- Averted in Puzzle Pirates. All females are exactly same size, so one size truly does fit all females. Ditto with males. However, cross-dressing is never allowed, leading to oddities such as bandannas that can never be worn by males.
- This has been cited as a justification for the fact that you can only wear one ring on each hand in roguelikes: rings come in only one size, so they just barely fit onto a orc's pinky, and are dangerously loose on a hobbit's thumb. All this goes out the window to a certain extent in Nethack, since rings and amulets (but not body armor) can be worn not just by humanoids, but by jellies, snakes, and intelligent clouds of vapor.
- The ability to wear rings as a fingerless creature is limited to rings that were on your finger before you changed shape and is there to avoid making it too easy to get rid of cursed rings. If you turn into a fingerless creature, you can't put on new rings and the old ones that were there before you changed shape are stuck and won't come off. In effect, they change with you.
- The real reason, of course, probably stems from the D&D tradition of only allowing players to wear two magical rings at once, citing interference between their enchantments.
- Nethack armor, on the other hand, can be too small (when you're polymorphed into a creature too large to wear it), or the wrong shape, but never too large. Any creature that's vaguely human-shaped and no larger than human-size can wear any armor: gnomes can wear plate mail (though it may burden them because it's uncomfortably heavy)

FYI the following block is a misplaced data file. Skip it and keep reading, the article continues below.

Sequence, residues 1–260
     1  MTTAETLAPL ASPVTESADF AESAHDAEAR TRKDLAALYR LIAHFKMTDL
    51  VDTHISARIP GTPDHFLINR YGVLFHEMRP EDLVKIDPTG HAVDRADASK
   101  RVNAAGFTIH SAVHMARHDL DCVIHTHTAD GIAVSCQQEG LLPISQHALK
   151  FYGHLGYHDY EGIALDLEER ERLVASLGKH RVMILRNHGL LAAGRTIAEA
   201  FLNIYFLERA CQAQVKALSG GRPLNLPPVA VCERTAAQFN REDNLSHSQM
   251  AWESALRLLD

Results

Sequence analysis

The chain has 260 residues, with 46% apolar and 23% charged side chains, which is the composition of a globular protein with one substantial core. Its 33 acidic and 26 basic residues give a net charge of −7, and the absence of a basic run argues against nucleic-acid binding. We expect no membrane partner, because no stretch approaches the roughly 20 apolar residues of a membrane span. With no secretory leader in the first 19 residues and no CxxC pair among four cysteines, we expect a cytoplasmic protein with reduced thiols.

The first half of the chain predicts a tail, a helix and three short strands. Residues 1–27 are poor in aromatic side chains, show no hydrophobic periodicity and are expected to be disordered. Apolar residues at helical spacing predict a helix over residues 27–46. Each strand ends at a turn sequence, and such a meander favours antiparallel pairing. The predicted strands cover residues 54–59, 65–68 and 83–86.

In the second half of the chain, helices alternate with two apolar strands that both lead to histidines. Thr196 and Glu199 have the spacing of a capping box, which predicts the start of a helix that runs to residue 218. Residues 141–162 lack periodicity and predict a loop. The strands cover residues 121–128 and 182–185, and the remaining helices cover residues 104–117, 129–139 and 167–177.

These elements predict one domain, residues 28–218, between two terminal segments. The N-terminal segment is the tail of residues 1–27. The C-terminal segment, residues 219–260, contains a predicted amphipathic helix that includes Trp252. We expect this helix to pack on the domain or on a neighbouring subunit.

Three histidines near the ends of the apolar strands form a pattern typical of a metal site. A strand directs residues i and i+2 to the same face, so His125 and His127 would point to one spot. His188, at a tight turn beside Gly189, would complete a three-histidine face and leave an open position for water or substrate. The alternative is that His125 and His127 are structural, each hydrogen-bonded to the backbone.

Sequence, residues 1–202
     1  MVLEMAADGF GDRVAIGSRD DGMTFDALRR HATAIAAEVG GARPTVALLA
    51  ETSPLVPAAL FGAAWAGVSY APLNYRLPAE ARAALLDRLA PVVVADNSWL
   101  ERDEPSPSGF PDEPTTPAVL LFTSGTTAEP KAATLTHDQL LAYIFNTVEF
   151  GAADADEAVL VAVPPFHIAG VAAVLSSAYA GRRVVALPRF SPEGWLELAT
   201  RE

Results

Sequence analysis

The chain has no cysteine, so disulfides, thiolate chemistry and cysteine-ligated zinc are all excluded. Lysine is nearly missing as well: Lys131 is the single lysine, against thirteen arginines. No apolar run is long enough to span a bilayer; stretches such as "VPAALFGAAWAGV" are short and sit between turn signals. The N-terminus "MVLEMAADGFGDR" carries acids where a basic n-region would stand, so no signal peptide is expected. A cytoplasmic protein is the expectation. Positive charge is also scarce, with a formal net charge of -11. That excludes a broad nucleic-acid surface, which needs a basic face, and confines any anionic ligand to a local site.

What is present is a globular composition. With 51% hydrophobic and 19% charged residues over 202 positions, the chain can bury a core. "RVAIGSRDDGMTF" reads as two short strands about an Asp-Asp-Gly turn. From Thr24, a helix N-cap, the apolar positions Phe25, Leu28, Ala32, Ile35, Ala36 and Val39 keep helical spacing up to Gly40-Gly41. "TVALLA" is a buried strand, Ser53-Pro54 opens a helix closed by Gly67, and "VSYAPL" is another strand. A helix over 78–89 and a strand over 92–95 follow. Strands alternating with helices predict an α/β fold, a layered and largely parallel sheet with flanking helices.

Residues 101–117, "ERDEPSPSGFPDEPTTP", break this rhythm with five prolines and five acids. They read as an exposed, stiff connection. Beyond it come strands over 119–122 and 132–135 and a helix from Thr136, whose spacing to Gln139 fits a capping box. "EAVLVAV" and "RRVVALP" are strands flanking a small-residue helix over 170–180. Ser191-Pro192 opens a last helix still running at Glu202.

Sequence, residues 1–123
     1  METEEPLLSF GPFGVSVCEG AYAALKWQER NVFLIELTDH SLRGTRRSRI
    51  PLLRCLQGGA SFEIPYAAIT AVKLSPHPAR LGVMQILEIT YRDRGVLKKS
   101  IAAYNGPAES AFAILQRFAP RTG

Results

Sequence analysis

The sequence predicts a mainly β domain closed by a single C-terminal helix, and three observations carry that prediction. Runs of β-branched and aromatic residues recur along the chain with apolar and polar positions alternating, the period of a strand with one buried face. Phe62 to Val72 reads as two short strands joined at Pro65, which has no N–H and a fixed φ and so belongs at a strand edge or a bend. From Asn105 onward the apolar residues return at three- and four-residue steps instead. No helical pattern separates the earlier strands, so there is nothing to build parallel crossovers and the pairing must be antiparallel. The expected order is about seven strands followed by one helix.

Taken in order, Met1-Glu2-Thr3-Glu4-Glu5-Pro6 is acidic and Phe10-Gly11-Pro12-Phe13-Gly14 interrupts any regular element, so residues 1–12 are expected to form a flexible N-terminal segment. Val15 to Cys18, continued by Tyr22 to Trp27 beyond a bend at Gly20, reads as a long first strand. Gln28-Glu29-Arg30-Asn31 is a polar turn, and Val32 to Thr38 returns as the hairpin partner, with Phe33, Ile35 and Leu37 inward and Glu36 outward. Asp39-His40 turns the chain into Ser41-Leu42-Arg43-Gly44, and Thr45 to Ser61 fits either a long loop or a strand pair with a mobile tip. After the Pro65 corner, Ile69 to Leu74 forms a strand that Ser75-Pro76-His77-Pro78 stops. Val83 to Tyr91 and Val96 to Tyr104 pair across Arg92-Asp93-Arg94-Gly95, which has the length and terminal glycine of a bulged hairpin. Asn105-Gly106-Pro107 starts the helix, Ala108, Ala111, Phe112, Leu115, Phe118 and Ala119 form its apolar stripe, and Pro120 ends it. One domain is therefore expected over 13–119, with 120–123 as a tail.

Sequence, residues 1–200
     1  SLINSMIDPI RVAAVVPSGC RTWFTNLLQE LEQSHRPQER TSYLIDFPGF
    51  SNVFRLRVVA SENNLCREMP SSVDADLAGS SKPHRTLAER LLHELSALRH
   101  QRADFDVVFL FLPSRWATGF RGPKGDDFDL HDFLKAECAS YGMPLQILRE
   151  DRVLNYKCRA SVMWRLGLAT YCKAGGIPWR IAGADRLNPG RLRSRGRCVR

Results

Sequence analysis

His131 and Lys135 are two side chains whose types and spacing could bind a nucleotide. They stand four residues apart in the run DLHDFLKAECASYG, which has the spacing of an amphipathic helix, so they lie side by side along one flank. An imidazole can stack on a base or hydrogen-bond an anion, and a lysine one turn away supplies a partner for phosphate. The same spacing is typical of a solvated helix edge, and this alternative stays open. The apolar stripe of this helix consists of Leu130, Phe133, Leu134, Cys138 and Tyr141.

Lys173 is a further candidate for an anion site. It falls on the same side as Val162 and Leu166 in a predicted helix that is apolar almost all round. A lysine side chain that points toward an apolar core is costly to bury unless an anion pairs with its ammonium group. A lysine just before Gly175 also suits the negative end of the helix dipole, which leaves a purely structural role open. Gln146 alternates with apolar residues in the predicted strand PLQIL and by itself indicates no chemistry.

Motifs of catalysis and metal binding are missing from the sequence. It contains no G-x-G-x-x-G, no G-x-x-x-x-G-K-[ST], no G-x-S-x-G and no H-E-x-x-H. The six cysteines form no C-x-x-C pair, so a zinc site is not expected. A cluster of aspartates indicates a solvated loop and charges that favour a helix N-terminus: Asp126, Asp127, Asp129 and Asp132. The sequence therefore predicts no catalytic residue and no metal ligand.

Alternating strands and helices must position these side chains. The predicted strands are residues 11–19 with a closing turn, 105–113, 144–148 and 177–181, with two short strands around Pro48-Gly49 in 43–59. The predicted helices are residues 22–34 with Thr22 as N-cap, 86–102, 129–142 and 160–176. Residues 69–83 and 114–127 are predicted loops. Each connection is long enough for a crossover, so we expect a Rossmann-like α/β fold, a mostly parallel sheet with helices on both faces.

- The game of Dwarf Fortress abstracts this issue into size categories, so that clothing and armor is only usable by races of the same size category as the one that produced the item. Previously, there were also 'stout' and 'narrow' categories, which kept goblins, dwarves, and elves from wearing the same armor even though they were the same size.
- Averted for some items in the Roguelike Incursion: many weapons which can be wielded one-handed by normal sized beings must be wielded two-handed by small beings, and small beings can't wear normal sized backpacks.
- A common complaint in Angband was that a gnome could wield a weapon that was heavier than him with strength-boosting equipment.
- Dungeon Crawl averts this completely. Characters of large or small sizes either have lowered AC gains from armour, or can't use some (or all) armour slots at all. The same goes for weapons - only Ogres and Trolls can use giant (spiked) clubs, and small races like Kobolds and Spriggans can only use normally-one-handed weapons as two-handed, no matter the character's Strength.
Real Time Strategy
- In the original Ogre Battle, any unit can equip any armor. Even armless creatures like dragons can wear mail or use weapons without problems.
Role Playing Game
- In Super Mario RPG: Legend of the Seven Stars you can buy Work Pants that will fit any character, even though Bowser clearly wears no pants.
- Many Final Fantasy games will have armor or clothes that can be passed around relatively universally, even if the sizes of your teammembers range from "7-foot-tall muscle-bound dude" to "8-year-old girl."
- Especially odd in Final Fantasy IX, when many people on your team aren't even the same species, with all the differences in physical build that would imply. However, they at least make an attempt to address this trope with some male/female specific equipment.
- Partly averted in VI, which has armor only females can wear. However, considering they mean Terra, Celes, or Relm...
- This trope is fully in evidence in the Champions of Norrath series. In Return To Arms, for example, a piece of clothing will change from a form-fitting, cleavage revealing blouse on a female human mage to a pair of shoulder pads that appears to be made of leather and bone on a male lizard man.